Safeguarding

It a) amuses me that we need prescribed safeguarding rules and b) is beyond my imagination why fully grown people fail to consider safeguarding in their decision making. I thought safeguarding was a simple moral principle of making sure the young and vulnerable we not put at risk.

So what are we missing? We’ve issued training to relevant managers, we’ve written specific policies, we’ve designated Safeguarding Officers and still young persons could be a at risk.

So for all those wondering what safeguarding is … here goes my explanation:

What is Safeguarding? Safeguarding is the term used for protecting children and vulnerable adults from harm, ensuring they reach their potential and promoting a healthy lifestyle.  A child is defined as “anyone who has not yet reached their 18th birthday”.  A vulnerable adult is someone who is over the age of 18 and may, for any reason, be unable to take care of themselves, or able to protect themselves from significant harm or exploitation

The Law? It is a requirement of all those working with children to have:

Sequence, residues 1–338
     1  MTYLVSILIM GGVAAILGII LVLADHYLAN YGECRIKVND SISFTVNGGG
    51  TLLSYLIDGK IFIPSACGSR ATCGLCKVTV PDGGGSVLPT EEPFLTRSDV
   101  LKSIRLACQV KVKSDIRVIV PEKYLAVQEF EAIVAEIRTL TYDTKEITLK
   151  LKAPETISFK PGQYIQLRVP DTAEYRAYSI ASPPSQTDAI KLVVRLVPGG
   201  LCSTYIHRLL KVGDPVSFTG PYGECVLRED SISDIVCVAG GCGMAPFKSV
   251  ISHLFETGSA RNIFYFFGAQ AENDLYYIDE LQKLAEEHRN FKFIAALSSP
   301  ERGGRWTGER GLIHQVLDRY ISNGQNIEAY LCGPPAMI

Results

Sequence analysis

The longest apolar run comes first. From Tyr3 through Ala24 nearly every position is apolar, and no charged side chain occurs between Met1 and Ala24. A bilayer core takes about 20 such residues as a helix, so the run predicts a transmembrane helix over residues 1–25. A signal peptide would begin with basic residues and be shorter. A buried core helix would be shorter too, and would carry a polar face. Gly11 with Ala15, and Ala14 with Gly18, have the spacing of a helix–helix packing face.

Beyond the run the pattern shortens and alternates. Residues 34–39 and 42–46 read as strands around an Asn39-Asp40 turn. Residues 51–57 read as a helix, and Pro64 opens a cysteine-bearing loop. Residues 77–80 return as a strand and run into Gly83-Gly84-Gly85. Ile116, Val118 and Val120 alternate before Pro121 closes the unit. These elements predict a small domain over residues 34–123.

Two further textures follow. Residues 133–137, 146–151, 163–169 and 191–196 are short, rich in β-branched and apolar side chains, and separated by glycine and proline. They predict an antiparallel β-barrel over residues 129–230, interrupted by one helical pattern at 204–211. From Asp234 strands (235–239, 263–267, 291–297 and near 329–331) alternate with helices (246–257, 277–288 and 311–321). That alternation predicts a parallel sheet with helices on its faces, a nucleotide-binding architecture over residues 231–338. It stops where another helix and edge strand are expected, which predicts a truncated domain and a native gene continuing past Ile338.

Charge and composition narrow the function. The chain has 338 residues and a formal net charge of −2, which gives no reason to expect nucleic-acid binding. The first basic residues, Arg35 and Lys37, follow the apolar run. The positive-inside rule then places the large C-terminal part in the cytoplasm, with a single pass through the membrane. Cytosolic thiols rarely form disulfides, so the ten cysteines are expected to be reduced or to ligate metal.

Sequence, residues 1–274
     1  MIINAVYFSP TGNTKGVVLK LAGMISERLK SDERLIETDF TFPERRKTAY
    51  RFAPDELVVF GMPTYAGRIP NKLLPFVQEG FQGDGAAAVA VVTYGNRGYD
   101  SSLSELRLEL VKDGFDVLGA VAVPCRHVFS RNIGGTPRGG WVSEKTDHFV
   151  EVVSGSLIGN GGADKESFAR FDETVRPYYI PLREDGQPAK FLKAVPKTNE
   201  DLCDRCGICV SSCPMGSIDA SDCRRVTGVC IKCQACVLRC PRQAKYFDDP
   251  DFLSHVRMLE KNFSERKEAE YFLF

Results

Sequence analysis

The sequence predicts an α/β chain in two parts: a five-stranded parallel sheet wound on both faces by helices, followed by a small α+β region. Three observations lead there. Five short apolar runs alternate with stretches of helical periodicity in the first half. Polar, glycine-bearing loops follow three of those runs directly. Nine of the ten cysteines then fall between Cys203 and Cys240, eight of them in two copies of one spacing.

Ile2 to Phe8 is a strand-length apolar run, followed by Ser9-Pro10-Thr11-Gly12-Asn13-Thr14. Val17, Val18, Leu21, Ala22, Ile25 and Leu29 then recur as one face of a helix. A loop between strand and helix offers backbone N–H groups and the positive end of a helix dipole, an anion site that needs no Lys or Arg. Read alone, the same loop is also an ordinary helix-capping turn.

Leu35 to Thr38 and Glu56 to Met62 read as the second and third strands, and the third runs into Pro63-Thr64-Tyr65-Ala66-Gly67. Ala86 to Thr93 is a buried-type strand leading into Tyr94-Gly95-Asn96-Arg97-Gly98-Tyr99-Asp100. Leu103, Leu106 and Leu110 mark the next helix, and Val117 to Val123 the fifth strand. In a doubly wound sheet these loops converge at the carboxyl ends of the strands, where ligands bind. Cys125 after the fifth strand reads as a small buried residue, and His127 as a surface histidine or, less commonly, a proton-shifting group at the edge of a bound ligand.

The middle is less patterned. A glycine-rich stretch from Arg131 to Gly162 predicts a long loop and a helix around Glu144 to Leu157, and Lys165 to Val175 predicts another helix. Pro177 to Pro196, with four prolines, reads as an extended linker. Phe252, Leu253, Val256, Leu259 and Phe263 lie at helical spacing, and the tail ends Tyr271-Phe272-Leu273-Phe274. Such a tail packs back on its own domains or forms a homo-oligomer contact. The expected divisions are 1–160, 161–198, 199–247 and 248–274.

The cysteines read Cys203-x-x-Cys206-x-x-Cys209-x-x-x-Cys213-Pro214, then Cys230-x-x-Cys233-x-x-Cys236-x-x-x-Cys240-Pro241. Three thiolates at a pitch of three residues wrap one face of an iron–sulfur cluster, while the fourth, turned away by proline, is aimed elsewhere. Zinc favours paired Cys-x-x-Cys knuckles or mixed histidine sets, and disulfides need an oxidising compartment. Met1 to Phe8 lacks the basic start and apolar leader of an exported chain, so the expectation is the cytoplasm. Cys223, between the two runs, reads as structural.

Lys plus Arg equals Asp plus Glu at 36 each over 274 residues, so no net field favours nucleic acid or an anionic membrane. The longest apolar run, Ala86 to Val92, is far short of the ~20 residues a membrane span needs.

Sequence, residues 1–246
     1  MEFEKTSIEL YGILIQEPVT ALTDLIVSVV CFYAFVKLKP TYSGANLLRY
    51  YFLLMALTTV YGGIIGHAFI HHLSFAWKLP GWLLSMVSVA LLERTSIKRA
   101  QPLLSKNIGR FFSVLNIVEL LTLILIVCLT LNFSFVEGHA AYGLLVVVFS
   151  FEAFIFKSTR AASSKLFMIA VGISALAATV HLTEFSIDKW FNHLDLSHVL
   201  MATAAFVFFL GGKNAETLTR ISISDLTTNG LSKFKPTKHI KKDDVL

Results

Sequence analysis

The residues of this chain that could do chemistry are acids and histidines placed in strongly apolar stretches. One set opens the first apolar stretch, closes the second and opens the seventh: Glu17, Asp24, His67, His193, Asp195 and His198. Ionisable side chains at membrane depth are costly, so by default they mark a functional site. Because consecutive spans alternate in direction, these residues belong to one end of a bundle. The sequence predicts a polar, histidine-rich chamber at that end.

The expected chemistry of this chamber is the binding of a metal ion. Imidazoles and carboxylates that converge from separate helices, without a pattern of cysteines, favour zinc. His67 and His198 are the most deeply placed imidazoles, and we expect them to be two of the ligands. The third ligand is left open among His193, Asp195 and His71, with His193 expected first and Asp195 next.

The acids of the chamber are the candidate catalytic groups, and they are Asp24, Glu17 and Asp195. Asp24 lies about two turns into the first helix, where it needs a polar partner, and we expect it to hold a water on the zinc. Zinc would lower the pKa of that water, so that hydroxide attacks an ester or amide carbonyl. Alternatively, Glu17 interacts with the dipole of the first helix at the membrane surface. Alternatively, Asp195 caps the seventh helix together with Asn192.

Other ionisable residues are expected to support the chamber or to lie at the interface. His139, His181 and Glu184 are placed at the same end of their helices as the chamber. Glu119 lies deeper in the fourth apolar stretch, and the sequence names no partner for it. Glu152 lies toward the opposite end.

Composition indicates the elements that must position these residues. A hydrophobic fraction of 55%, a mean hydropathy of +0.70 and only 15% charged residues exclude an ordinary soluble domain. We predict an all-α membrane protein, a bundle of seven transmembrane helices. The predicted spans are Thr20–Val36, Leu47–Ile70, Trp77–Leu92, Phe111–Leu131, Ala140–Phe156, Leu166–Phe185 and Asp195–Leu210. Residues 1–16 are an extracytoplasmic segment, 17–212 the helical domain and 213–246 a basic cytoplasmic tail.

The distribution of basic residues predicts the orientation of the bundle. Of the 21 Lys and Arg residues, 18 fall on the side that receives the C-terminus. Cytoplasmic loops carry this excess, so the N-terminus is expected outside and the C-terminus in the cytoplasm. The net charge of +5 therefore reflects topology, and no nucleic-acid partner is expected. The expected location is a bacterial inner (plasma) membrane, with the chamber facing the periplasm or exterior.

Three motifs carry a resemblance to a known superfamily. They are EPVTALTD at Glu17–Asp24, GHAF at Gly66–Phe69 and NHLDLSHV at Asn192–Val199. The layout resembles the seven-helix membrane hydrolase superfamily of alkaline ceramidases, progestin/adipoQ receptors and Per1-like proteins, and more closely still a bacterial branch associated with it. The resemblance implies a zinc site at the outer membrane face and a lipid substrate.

• a Child Protection or Safeguarding Policy

• access to the Local Safeguarding Children’s Board (LSCB)

The Stats? NSPCC research suggests that:

• Over 50,000 children in the UK are identified as needing protection from abuse

• 1/14 children are physically abused

• 1/3 children are victims of cyber bullying

• 1/20 children are sexually abused

Designated Safeguarding Officers? The Children’s Act 2004 stated that workplaces should have a Designated Safeguarding Officer (DSO) who has chief responsibility for listening to concerns, referring them at a higher level and raising awareness for the child protection and safeguarding procedures. The role of the DSO is:

• To be alert and to recognise child welfare issues

• Raising concerns

• Sharing information where necessary

•Referring concerns to social services

• Challenging poor practices in the workplace